he High Court is due to give a ruling on whether the BBC can identify a “dangerous extremist and misogynist” who is allegedly an MI5 informant.
Attorney General Suella Braverman is seeking an injunction to block the planned broadcast, arguing it would damage national security and create “a real and immediate risk of serious or life-threatening harm” to the man.
The broadcaster argues it is in the public interest for his identity to be revealed.
The proposed report would claim the man, identified in proceedings as “X”, used his status as an agent to abuse, control and coerce a former partner, referred to by the pseudonym “Beth”, and that MI5 either knew or ought to have known about this and it was wrong to use him as an agent.
Lawyers for Ms Braverman argued at a hearing in March that there is no public interest in identifying him which would override the risk to the man’s life and the impact on national security.
Mr Justice Chamberlain has considered the case at both open and closed hearings and is due to give his decision at 10am on Thursday.
Lawyers representing Ms Braverman said at a previous hearing that she “neither confirms or denies” the BBC’s claim that X is an agent, or covert human intelligence source (Chis), but conducted the case on the “hypothetical assumption” that he is or was.
In written arguments before the court in March, Sir James Eadie QC, for the Attorney General, said: “Publication of the report would constitute a breach of confidence/false confidence by the BBC.
“To do so would damage national security and the public interest. It would also create a real and immediate risk of serious or life-threatening harm to X.
“Those impacts establish the most powerful public interests in restraining publication.
“There is no public interest in publication that could be said to override such interests.”
The barrister said that there are “avenues for complaint and investigation” in relation to any allegations against MI5, which have been set up “precisely to avoid the sort of damage to the public interest that the BBC’s proposed report would produce”.
He argued that identifying X as an MI5 agent was “obviously confidential” information.
Sir James also said the “most serious” allegations against X have been investigated by police and no further action was “considered appropriate to be taken”.
He added: “The case of wrongdoing by X, and the subsequent speculation that MI5 must have been aware of it and failed to react appropriately, rests on foundations that are anything but solid.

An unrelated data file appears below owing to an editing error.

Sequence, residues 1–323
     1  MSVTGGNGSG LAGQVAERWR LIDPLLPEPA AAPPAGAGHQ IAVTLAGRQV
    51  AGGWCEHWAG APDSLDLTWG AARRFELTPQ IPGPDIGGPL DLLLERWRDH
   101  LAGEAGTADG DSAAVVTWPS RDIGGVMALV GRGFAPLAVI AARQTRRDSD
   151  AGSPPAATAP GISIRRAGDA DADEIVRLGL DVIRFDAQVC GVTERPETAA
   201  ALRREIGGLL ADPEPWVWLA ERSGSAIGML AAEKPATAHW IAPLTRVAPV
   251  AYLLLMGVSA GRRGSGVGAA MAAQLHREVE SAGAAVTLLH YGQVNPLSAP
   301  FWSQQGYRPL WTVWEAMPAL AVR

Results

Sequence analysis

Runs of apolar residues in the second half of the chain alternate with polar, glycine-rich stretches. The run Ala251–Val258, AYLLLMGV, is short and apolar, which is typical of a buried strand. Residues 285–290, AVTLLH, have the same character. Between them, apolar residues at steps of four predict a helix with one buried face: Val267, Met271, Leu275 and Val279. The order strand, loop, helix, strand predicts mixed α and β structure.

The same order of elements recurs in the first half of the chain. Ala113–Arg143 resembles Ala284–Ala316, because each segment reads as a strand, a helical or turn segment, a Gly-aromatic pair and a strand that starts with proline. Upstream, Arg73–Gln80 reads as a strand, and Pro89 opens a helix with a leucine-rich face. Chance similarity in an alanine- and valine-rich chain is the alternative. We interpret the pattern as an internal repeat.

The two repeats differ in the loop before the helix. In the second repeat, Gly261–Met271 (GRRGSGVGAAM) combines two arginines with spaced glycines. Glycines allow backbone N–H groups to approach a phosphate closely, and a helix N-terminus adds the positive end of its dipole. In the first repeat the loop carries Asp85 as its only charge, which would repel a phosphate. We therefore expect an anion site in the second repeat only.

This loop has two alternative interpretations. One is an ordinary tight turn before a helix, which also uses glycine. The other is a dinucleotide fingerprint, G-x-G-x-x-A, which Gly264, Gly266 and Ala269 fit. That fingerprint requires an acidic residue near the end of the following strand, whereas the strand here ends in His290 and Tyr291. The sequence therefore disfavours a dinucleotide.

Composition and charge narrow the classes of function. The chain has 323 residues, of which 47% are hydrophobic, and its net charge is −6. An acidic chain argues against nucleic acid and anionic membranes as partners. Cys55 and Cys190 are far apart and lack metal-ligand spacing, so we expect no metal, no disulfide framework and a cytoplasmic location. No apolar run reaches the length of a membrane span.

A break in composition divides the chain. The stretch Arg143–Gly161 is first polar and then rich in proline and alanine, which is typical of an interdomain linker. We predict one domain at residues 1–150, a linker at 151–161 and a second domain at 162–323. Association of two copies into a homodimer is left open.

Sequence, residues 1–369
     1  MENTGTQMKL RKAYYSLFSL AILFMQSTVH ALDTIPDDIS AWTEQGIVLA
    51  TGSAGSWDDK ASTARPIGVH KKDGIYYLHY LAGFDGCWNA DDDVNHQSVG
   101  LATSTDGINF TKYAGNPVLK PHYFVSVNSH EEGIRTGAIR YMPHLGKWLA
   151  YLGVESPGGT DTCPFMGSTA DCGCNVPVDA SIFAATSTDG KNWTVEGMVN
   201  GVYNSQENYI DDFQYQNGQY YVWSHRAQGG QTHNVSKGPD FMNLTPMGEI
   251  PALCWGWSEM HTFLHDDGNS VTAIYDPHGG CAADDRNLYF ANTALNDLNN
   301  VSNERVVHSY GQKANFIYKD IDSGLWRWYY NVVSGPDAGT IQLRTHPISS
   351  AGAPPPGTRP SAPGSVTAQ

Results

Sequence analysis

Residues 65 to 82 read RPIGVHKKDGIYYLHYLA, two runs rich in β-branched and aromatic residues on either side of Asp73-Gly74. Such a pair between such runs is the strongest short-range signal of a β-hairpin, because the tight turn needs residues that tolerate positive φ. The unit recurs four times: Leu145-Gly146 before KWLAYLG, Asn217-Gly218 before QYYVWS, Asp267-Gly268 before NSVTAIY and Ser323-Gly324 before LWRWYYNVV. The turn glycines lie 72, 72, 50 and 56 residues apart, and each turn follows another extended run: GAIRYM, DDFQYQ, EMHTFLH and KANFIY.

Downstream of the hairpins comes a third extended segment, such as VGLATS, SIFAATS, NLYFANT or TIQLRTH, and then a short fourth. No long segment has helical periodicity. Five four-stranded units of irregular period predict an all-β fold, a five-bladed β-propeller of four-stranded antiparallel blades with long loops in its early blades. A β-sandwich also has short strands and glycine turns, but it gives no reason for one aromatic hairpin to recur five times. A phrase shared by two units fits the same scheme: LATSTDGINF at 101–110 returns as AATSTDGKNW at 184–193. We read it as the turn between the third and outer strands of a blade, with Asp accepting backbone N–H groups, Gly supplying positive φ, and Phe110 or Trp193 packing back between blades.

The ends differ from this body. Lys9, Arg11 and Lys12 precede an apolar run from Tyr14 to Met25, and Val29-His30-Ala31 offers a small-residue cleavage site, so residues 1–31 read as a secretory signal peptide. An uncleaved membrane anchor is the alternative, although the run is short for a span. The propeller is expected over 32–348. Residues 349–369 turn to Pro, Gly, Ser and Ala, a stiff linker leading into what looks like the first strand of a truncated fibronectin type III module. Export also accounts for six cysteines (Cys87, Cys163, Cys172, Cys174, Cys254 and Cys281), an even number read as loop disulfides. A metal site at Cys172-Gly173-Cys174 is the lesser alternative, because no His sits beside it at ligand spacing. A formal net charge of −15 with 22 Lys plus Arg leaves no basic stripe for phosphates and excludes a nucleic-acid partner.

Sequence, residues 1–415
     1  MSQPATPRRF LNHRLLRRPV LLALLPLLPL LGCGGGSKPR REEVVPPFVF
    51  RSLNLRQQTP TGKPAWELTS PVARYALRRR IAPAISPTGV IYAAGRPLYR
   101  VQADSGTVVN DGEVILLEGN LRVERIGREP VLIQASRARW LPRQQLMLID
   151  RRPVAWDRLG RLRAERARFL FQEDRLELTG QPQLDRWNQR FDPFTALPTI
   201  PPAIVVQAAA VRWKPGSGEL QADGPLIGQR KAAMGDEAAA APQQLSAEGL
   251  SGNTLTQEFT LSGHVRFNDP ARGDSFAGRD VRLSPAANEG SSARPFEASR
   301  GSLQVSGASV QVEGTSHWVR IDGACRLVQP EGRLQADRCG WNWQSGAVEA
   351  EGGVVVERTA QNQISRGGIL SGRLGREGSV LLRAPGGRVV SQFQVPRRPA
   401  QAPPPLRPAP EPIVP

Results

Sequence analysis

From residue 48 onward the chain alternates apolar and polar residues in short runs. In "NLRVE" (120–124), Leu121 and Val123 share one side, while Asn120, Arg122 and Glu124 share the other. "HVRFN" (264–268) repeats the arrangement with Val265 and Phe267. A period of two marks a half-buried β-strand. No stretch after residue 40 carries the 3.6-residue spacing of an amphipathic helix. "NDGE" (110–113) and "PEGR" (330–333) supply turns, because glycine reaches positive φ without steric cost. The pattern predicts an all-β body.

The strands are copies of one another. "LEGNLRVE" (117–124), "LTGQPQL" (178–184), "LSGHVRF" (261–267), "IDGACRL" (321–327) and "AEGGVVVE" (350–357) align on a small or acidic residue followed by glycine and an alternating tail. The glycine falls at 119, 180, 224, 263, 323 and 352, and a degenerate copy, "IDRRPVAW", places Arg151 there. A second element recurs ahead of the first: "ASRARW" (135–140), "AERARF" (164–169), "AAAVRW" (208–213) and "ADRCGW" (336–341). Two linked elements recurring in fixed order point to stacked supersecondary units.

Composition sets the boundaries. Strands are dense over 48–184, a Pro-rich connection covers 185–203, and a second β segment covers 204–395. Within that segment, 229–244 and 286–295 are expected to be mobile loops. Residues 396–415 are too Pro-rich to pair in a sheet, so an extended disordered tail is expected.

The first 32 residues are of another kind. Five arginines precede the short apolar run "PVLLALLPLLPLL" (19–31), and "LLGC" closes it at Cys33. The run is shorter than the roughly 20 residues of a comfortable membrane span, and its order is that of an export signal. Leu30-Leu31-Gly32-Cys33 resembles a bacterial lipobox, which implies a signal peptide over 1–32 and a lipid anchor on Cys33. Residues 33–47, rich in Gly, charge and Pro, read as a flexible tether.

“There is real doubt about the reliability, credibility and motivation of Beth. Police and the Crown Prosecution Service (CPS) have been involved but the outcome has been no action – in significant part because of those doubts.”
The Attorney General says there is no objection with a broadcast about the allegations against X and MI5’s use of agents which does not identify him, but argues that identifying him would be a breach of confidence and infringe X’s human rights.
However, Sir James said the BBC has “no interest in producing an anonymous or diluted” version of the report.
The BBC says that the broadcast of the story, and the identification of X by name, is in the public interest and is contesting the application for an injunction.
One of the women who alleges she has been abused by him said she fears X will kill a woman if he is not “challenged and exposed”.
Mr Justice Chamberlain said in an earlier ruling that the proposed programme includes “allegations that X is a dangerous extremist and misogynist who physically and psychologically abused two former female partners”.
It also includes allegations that X is a Chis or agent for the security service, that he told one of the women that he worked for MI5 “in order to terrorise and control her”, and that MI5 “should have known about X’s behaviour and realised that it was inappropriate to use him as a Chis”, the judge said.
When the judge gives his ruling on the injunction, there will be both an open judgment which will be made public, and a closed judgment which will be seen only by the Attorney General’s legal team and the special advocates.